Bakshi, P. and Goodwin, M. and Painter, J. and Southern, A. (1995) 'Gender, race, and class in the local welfare state : moving beyond regulation theory in analysing the transition from Fordism.', Environment and planning A., 27 (10). pp. 1539-1554.
In this paper we attempt to provide a conceptual framework which can help inform our analysis and understanding of current transformations taking place within the welfare state. We argue that the French school of regulationist literature, though able to provide a broad frame of reference for analysing contemporary shifts in economy and society, needs to be supplemented by an analysis which focuses on the racialised and gendered character of the welfare state. In the paper the ways in which the 'universal' welfare state has operated to exclude minorities and marginalised groups are charted, and we argue that in practice the Fordist mode of social regulation (MSR) operating in Britain generated a hierarchy of oppression. This hierarchy was constituted through the relations of class, race, and gender, and we show how these are currently being redefined as the British state seeks to mediate the crisis tendencies inherent in the Fordist MSR.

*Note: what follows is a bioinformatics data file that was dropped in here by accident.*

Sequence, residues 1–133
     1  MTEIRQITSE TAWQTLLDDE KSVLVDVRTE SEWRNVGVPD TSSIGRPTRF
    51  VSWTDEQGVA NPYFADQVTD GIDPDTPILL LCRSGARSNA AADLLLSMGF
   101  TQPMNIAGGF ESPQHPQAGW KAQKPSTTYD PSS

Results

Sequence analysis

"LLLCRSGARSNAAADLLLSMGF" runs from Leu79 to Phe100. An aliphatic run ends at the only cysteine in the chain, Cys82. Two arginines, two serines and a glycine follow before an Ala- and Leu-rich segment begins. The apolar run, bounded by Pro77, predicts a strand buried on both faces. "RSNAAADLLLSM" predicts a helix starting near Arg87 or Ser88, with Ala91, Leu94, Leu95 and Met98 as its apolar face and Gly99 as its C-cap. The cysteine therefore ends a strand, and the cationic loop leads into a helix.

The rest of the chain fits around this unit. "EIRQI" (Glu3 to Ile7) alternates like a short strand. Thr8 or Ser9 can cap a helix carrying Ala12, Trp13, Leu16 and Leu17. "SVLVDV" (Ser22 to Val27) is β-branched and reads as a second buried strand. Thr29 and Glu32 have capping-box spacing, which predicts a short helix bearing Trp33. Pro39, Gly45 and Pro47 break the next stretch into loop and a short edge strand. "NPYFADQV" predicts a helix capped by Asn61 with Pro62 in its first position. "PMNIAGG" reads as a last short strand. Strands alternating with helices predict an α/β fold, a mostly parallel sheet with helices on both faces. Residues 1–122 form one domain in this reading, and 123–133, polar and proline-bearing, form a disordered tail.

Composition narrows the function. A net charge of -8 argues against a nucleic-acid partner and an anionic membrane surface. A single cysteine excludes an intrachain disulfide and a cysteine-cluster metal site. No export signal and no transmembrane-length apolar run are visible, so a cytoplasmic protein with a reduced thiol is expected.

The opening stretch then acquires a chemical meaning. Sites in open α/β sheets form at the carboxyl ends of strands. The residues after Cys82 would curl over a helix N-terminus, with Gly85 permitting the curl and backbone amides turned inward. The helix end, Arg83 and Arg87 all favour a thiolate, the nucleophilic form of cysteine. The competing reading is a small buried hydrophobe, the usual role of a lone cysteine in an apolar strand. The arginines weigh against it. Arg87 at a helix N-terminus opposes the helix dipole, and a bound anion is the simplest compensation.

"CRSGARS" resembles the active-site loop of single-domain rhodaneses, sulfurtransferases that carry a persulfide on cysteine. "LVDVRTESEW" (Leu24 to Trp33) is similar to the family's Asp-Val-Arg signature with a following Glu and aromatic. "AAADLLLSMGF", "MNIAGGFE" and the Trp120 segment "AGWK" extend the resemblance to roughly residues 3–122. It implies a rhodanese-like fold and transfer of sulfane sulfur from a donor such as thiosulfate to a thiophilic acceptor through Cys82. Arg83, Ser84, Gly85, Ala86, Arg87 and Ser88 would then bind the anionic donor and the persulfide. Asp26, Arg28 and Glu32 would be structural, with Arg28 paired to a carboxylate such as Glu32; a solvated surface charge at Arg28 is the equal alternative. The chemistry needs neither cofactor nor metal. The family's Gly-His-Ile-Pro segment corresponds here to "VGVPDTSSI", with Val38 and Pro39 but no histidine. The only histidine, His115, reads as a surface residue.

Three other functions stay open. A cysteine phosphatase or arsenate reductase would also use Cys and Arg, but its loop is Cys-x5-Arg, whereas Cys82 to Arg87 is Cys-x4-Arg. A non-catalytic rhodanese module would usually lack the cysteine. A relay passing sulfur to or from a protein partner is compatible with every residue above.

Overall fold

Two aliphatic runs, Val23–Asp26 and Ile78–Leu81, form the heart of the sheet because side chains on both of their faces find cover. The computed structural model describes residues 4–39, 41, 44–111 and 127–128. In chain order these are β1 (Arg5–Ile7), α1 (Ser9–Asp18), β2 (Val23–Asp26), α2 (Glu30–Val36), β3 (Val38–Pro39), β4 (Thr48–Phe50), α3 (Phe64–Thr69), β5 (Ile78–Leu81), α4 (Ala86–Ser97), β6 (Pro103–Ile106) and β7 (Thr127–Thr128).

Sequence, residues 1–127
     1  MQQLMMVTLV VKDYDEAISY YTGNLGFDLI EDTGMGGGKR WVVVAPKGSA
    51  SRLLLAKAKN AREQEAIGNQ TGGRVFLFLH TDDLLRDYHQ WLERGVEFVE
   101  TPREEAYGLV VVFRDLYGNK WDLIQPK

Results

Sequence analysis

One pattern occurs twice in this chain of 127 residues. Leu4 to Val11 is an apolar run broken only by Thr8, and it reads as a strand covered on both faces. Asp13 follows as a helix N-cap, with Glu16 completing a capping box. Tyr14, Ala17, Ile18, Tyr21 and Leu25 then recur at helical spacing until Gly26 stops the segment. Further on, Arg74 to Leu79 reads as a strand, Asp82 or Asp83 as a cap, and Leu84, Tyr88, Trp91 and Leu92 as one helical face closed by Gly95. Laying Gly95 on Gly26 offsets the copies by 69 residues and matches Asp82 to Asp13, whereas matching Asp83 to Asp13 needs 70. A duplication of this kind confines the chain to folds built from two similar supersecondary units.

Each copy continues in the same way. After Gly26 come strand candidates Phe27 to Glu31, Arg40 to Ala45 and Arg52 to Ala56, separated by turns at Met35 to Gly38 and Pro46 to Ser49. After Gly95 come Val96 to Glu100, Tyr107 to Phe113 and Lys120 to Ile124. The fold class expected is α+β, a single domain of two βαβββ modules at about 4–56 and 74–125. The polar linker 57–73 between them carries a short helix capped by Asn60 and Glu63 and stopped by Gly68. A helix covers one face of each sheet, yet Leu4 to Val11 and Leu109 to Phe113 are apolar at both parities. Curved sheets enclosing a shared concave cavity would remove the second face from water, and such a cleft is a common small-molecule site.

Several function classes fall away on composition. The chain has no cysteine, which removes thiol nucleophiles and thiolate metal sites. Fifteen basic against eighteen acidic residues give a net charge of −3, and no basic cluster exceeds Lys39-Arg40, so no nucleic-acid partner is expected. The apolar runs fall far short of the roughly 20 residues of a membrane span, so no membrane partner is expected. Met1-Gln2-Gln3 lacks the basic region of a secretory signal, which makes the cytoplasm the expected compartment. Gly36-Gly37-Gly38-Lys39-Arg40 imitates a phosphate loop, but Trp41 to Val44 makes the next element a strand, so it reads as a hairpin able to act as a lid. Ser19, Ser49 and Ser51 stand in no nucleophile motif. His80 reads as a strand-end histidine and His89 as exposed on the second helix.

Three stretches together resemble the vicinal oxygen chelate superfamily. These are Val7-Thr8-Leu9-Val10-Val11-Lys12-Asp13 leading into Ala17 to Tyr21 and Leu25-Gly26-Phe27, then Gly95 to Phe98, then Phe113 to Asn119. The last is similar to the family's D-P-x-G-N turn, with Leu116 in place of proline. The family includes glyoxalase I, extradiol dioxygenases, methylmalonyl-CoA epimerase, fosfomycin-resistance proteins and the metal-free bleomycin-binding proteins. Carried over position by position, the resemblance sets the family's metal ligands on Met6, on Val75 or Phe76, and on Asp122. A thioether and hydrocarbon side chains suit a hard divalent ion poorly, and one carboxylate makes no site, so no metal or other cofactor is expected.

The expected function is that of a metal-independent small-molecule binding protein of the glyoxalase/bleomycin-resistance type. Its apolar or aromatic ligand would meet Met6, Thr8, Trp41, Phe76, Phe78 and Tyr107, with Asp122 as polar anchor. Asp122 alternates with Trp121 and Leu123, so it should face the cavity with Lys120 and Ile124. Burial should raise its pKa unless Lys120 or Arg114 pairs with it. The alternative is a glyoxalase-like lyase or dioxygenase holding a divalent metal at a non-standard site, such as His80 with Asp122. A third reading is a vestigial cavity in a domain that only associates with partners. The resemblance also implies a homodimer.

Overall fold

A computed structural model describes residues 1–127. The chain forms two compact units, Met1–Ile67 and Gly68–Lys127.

|Full text:||Full text not available from this repository.|
|Publisher Web site:||http://dx.doi.org/10.1068/a271539|
|Record Created:||06 Mar 2009|
|Last Modified:||23 Apr 2010 16:20|
|Social bookmarking:||Export: EndNote, Zotero | BibTex|
|Look up in GoogleScholar | Find in a UK Library|